Rensselaer Polytechnic Institute

The accelerated BS/MD program offered by the Rensselaer Polytechnic Institute grants students both a bachelor’s degree and a medical degree within only seven years. 

The medical school portion of the degree is taken at Albany Medical College (AMC), which is near Rensselaer. This BS/MD program is specifically tailored to creating physician-scientists and has no MCAT requirement. 

Rochester Institute of Technology

The Rochester Institute of Technology offers the Rochester Early Medical Scholars (REMS) program, which is an eight-year combined BA/BS and MD educational track. REMS students are automatically admitted to the university’s School of Medicine and Dentistry upon successful completion of the bachelor’s portion of their degree. 

Spelman University

Spelman University is unique in offering multiple options for Medical School Early Assurance and BS/MD programs through multiple partner schools. Spelman offers combined baccalaureate/MD and early assurance programs with: 

Spelman has many options for early admissions and works with all of the fine institutions listed above as well as several others, which can be found on their website.

University of Florida College of Medicine 

The University of Florida offers an accelerated seven-year BS/MD program called The Medical Honors Program (MHP), formerly known as the Junior Honors Medical Program (JHMP). 

The program is available only to residents of the United States who demonstrate excellent scholastic abilities and motivation to work in the medical field. No MCAT is required to participate in this program.

University of Missouri-Kansas City

The University of Missouri in Kansas City offers a BA/MD program designed to give academically skilled high school graduates immediate exposure to their strong medical curriculum. 

Yeshiva University

The Yeshiva University Honors Programs partners with the Albert Einstein College of Medicine to offer their medical BA/MD. 

Like other BA/MD programs, Yeshiva offers academically inclined high school students the opportunity to complete a bachelor's degree and automatically matriculate into medical school. There is no MCAT requirement for the BA/MD program at Yeshiva.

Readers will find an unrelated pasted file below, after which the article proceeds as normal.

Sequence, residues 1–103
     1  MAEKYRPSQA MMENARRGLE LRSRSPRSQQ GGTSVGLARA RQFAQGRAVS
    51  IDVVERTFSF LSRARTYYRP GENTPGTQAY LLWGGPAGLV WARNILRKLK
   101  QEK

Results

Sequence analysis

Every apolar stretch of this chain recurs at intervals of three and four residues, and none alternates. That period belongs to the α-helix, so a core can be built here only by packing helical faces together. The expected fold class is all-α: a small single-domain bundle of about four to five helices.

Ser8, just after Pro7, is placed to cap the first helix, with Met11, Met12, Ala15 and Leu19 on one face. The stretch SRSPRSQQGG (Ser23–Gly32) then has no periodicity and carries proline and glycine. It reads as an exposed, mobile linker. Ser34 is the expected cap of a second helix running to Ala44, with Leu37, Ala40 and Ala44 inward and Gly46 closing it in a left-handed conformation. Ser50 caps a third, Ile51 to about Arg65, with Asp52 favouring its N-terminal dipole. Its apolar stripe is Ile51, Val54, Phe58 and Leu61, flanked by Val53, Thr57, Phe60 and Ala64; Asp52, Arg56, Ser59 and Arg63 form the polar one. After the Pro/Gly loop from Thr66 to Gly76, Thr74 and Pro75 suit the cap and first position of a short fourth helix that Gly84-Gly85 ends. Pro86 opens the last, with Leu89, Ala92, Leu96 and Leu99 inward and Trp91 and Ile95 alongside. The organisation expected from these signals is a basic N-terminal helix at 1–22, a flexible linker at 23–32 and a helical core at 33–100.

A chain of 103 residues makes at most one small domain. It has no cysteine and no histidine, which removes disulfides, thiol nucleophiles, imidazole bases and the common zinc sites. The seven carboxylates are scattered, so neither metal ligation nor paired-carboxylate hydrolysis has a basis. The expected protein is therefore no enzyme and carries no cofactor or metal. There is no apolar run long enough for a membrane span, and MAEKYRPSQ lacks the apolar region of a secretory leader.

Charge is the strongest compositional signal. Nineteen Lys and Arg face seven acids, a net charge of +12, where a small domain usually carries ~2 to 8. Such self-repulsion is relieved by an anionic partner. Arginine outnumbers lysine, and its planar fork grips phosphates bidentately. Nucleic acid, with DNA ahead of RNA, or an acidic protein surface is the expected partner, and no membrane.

What Is A BS/MD Or BA/MD Degree?

When looking for ways to attend medical school without taking the MCAT, you’ll most likely run into the terms “BS/MD” or “BA/MD”. In these programs, students can make a swift and smooth transition from a Bachelor of Science or Bachelor of Arts degree directly into a Medical Degree. 

So, why does this matter when talking about the MCAT? Baccalaureate-MD degrees often waive MCAT requirements, making it easy to apply without taking the test or revealing your scores. 

Most combined MD programs are eight years in length, with four years spent in a bachelor's degree and four years in medical school, although some schools offer seven-year programs. 

What Is An Early Assurance Program For Med School?

Similar to BS/MD programs, Early Assurance Programs (or EAPs) help future physicians secure a spot in medical school years in advance and typically do not require an MCAT score as part of your application. However, the key difference between BS/MD programs and EAP programs is when admission begins.

Most Early Assurance Programs accept students while they’re taking pre-med courses during their undergraduate degree, rather than accepting students straight out of high school.

This gives applicants more time to explore their options before committing to medical school and can relieve some of the stress involved in maintaining a perfect GPA up until graduation. 

Although Early Assurance programs have many benefits, it should be noted that they are notoriously challenging to get into. Academic excellence is required to be considered for admission to an EAP.